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Coronavirus Response: Orange County Nonprofits Coordinate Community Resources

Coronavirus response: Orange County nonprofits coordinate community resources

By Theresa Walker / Orange County Register
Photo by Paul Bersebach, Orange County Register/SCNG

Originally published in Orange County Register.

Rescue Mission, United Way and OneOC manage donations and volunteers to help those in need.

Inside the warehouse that Orange County Rescue Mission maintains at its Village of Hope campus in Tustin, a special place is set aside for one purpose: to stockpile and distribute personal care items donated to help babies and adults affected by the COVID-19 pandemic.

It’s key to the “things” part of a three-pronged outreach effort by the county to help people during the coronavirus epidemic. Other elements include money and, eventually, volunteering.

In late March, the Orange County Emergency Operations Center designated the Rescue Mission operation as the drop-off spot for new and unopened boxes of key items — things like baby and adult diapers, wipes, feminine pads, adult nutrition drinks and protein bars, baby formula, and gift cards for groceries.

The shelves aren’t bulging, yet. But county officials and Jim Palmer, president of the Rescue Mission, expect that to change as word spreads among businesses, corporations, and the faith-based community. For now, all are seen as the best sources for donations because individuals are being told to stay home and not congregate, even to give items to the needy.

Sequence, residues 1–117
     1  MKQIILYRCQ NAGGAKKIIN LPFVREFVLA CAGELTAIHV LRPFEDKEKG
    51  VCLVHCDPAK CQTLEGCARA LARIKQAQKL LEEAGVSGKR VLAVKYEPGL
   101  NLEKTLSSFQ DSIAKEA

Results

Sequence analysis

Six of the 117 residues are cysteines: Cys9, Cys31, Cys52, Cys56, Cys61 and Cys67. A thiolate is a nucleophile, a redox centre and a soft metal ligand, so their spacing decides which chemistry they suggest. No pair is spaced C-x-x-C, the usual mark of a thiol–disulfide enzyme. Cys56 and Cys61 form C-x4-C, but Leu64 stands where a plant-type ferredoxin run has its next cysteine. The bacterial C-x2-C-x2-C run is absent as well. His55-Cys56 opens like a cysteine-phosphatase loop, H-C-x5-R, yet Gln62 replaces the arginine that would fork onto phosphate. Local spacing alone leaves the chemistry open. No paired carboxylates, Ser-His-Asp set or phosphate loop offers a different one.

Word about the county’s collection site is getting out.

In addition to email and social media blasts, it got a mention during the county’s COVID-19 news conference on Thursday, April 2. Also mentioned: a campaign by Orange County United Way to raise monetary donations through a “Pandemic Relief Fund,” and in OneOC’s online Emergency Volunteer Center effort to sign up volunteers for safe deployment to various coronavirus relief projects.

“We’ve received many questions from individuals, from communities, from organizations asking one question: ‘How can I help?’,” said Debra Baetz, director of the County of Orange Social Services Agency.

“There are a lot of ways.”

As of Thursday, April 2, there were 108 names on OneOC’s disaster-relief volunteer list. Volunteer opportunities include virtual outreach and hands-on projects undertaken with proper COVID-19 precautions — social distancing of 6 feet or more among participants and personal protective measures to prevent close contact, according to the OneOC website.

To continue reading, click here to see the original article on Orange County Register.

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